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Chinese woodcut, Famous medical figures: Emperor Fuxi

Gan Bozong (Tang period, 618-907)

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Free to use with attribution CC BYCredit: Wellcome Collection
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One of a series of woodcuts of illustrious physicians and legendary founders of Chinese medicine from an edition of Bencao mengquan (Introduction to the Pharmacopoeia), engraved in the Wanli reign period of the Ming dynasty (1573-1620) -- Volume preface, 'Lidai mingyi hua xingshi' (Portraits and names of famous doctors through history). The images are attributed to a Tang (618-907) creator, Gan Bozong. The text states: The great heavenly Fuxi was surnamed Feng [Wind]. In remote antiquity, he supplanted Suirenshi (the legendary creator of fire) and became Emperor. His merits and achievements were great: he devised the Eight Trigrams, invented writing, instituted marriage, and taught humankind to catch fish, grow plants and keep animals. According to tradition, he had a snake's body and human head, but he is depicted here as fully human.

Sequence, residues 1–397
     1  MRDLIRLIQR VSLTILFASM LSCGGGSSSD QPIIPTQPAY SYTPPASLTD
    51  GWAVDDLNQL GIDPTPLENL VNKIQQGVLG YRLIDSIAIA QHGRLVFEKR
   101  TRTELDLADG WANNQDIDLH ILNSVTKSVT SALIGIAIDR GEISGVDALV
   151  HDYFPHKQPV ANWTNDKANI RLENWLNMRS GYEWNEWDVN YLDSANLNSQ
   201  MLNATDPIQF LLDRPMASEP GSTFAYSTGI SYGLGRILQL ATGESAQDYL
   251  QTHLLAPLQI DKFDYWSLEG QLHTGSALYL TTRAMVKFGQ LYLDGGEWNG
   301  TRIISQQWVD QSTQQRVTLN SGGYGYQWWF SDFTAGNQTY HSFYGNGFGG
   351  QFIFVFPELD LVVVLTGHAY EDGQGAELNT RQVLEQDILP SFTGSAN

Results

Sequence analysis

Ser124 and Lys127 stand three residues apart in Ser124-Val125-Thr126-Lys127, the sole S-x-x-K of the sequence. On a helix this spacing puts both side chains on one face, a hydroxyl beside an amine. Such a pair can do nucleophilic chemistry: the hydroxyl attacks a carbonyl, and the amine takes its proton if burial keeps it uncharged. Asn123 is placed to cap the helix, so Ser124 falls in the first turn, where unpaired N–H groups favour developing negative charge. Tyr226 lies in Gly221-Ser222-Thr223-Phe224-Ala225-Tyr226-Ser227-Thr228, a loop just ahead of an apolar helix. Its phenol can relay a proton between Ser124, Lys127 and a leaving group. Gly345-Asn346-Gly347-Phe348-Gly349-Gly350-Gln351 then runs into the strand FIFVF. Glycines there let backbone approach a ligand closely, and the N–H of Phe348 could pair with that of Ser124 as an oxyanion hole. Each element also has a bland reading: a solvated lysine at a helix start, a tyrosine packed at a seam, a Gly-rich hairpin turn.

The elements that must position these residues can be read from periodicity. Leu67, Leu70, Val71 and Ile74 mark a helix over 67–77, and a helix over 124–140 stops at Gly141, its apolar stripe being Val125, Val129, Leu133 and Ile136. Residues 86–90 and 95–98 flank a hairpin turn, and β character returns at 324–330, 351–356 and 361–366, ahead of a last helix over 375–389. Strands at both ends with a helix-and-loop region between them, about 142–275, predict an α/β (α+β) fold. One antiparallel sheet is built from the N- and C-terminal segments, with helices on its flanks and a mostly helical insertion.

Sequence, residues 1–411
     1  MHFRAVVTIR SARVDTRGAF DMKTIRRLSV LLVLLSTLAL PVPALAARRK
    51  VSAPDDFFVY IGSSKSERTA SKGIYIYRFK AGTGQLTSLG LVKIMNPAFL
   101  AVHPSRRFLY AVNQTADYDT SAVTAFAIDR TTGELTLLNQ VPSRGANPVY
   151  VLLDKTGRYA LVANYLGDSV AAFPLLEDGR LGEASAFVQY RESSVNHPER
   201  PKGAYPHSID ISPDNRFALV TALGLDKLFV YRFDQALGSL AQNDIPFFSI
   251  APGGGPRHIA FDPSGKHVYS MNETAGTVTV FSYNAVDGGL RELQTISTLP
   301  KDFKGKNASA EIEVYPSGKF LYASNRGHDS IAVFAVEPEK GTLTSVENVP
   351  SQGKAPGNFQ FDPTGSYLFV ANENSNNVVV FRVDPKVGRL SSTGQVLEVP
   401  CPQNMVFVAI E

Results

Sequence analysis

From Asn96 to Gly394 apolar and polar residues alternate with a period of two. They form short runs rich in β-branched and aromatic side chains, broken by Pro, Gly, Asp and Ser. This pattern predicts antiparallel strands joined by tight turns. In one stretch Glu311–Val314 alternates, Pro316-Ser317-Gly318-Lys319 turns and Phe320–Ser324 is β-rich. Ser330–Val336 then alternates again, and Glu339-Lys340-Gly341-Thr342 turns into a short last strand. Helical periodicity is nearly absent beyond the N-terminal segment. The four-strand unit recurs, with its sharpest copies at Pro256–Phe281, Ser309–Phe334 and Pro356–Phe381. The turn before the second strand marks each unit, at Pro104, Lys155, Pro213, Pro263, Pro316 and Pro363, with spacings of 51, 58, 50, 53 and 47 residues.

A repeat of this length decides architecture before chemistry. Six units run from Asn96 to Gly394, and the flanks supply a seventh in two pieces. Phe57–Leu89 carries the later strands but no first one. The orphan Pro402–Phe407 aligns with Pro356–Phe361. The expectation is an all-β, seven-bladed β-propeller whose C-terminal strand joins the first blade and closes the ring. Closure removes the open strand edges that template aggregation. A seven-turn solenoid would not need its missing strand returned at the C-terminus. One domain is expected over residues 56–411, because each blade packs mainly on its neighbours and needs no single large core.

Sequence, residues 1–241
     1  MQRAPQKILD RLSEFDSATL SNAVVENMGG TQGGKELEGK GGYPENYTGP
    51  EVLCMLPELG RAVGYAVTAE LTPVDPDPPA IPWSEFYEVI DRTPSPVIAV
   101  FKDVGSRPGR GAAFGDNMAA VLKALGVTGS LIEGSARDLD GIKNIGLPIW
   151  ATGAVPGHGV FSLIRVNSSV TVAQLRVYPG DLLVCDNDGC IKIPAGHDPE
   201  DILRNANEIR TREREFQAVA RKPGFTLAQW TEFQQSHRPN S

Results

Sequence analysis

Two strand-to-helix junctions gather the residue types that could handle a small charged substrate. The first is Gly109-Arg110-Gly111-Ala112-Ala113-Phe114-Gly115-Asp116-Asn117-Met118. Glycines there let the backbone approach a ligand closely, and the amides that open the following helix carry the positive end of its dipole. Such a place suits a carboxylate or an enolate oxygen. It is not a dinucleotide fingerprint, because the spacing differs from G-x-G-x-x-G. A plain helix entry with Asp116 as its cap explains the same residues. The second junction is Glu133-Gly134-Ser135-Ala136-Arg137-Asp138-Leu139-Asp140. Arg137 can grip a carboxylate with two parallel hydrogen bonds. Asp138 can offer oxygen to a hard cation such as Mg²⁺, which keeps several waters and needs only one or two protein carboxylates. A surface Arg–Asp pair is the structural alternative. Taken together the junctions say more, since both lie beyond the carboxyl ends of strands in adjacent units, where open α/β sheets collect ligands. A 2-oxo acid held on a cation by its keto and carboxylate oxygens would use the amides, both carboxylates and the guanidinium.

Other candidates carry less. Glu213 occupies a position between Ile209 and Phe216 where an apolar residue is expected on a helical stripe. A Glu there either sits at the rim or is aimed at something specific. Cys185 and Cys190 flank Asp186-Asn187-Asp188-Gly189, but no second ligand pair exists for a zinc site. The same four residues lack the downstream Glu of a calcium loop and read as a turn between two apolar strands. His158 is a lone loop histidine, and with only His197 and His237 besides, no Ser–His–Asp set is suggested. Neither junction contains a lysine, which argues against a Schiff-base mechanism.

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The [legendary] Emperor Fuxi

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You can use this work for any purpose, including commercial uses, without restriction under copyright law. You should also provide attribution to the original work, source and licence.

Creative Commons Attribution (CC BY 4.0) terms and conditions https://creativecommons.org/licenses/by/4.0

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Chinese woodcut, Famous medical figures: Emperor Fuxi. Credit: Wellcome Collection. CC BY


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